The campus community mourns the passing of Charles Sackrey, who died on Saturday, June 1. Charles retired as Professor Emeritus of Economics after 23 years of service to Bucknell.
Included below is the complete text of the obituary, as provided by the family.
You are encouraged to visit our In Memoriam Site at bucknell.edu/InMemoriam and share personal notes of sympathy and remembrance with others.
On behalf of our entire University community, I extend our deepest sympathies to Charles’s family, as well as to all who knew him at Bucknell.
John C. Bravman
Charles M. Sackrey Jr., 82, died Saturday, June 1, 2019, of complications from advanced stages of dementia.
He was a Texan and a high school dropout who joined the United States Marine Corps and went to the University of Texas on the GI Bill. Charles studied economics because a friend gave him the books for free and read his first novel when he was in graduate school. He received his Ph.D. in economics in 1965.
He married Patricia Lewis in 1960. They divorced and later he and D. Toni Byrd became partners for the rest of his life.
Charles was an inspirational teacher, a radical economist, a social justice and environmental activist and community organizer, a man of moral courage and conviction, and an authentic and loyal friend to many. He was fearless, honest, generous and lived simply. He taught at Ithaca College, Smith College, Hampshire College, the University of Massachusetts, the University of Tulsa and finally Bucknell University. Among other courses, he taught Principles of Economics, History of Economic Thought, Classical Marxism, and Theatre and the Economy, the latter an attempt to bridge the gap between economic analysis and actual people’s lives. He retired in 2002, and in retirement founded Mondragon in Lewisburg, Pennsylvania, a cooperatively run used bookstore which continues after him.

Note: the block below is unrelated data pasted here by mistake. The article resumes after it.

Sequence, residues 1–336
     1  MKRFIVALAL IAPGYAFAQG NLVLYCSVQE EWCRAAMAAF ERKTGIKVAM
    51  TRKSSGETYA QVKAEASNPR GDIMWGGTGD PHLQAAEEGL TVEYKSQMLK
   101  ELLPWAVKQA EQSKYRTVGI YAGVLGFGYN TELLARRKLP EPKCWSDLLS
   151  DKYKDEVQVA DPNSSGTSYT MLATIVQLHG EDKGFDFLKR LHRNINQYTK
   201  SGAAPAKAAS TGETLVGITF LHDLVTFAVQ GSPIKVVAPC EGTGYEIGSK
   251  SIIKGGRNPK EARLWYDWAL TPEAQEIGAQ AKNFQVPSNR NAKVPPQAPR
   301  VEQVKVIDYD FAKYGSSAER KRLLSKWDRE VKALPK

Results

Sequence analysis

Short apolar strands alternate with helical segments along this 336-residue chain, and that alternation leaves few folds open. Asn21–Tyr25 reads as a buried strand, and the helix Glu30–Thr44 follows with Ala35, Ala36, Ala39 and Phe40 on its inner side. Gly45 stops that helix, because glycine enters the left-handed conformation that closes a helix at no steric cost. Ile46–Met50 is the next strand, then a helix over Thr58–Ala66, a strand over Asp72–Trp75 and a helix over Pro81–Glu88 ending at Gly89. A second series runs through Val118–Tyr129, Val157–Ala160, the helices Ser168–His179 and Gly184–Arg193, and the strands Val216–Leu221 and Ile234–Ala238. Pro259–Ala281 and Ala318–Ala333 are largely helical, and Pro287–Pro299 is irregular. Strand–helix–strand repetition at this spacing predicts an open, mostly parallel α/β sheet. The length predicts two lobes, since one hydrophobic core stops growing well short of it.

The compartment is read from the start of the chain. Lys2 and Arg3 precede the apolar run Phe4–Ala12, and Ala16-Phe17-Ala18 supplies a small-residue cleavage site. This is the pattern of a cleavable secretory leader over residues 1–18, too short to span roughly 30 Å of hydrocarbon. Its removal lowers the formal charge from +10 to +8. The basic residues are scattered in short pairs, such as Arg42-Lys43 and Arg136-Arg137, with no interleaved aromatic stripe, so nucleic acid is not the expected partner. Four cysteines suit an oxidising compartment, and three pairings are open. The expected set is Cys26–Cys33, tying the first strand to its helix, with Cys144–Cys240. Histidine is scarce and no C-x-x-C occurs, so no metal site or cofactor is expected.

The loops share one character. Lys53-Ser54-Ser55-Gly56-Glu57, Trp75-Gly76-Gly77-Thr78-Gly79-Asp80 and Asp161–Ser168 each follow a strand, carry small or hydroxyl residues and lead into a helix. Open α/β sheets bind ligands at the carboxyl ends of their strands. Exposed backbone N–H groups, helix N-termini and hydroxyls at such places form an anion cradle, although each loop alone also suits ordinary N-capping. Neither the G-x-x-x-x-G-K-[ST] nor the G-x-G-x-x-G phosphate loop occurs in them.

He wrote The Political Economy of Urban Poverty, (1973), Strangers in Paradise: Academics from the Working Class with Jake Ryan, (1984), and An Introduction to Political Economy with Geoffrey Schneider and Janet Knoedler (first published in 2000). The Phoenix, a literary magazine edited by James Cooney, published two short stories he wrote: “United States Marines” (1975) and “American Fellow Travellers” (1976). Charles edited his own literary magazine, The Westbere Review, from 1977 to 1982.
Charles was a master of irreverent humor. He loved a good time — dancing, joking, playing the slot machines and spending time with friends and family. He wrote plays that were performed by family, friends and colleagues; lyrics to songs; a novel which he said “now sits in my attic suffering the gnawing criticism of the mice.” He regularly wrote letters to the editor and was on the publications committee of Organizations United for the Environment.
He was arrested many times for committing acts of civil disobedience in efforts, among others, to stop the construction of nuclear power plants, a hazardous waste incinerator and to end the Vietnam War. He could also be seen in weekly vigils outside the Lewisburg Post Office protesting undeclared U.S. wars.
Charles received many honors and awards during his life including, the Clyde Peeling Critical Thinking Award from the ACLU, the Robert Ingersoll Forward Thinking Award from the Susquehanna Valley Progressives, the Isabel and Karl Patten Award from Lewisburg Prison Project, the Virginia Travis Leadership in Social Justice Award from Bucknell University, and service and leadership awards from the NAACP chapter at the United States Penitentiary at Lewisburg.
He is survived by his sisters, Nancy Bannister of Austin, Texas, and Lillian McNeill of Texas City, Texas; the two women to whom he was married, Patricia Lewis of Westhampton, Mass., and D. Toni Byrd of Lewisburg; his son, John Henry Sackrey and daughter-in-law, Traci Pushkin Sackrey of Sunderland, Mass.; his daughter, Ponteir Sackrey of Jackson Hole, Wyo.; his son, Gabriel Alexander Sackrey Byrd of Lewisburg; his grandchildren, Zoe, Grace, Oliver, Georgia and Ben; many nieces and nephews; and many of his students who continue to be influenced by his love of learning.
In addition to his parents, he was predeceased by his son, Bill Sackrey.
In lieu of donations, Charles would encourage his fellow citizens to work for the causes in which he believed: social, economic and environmental justice.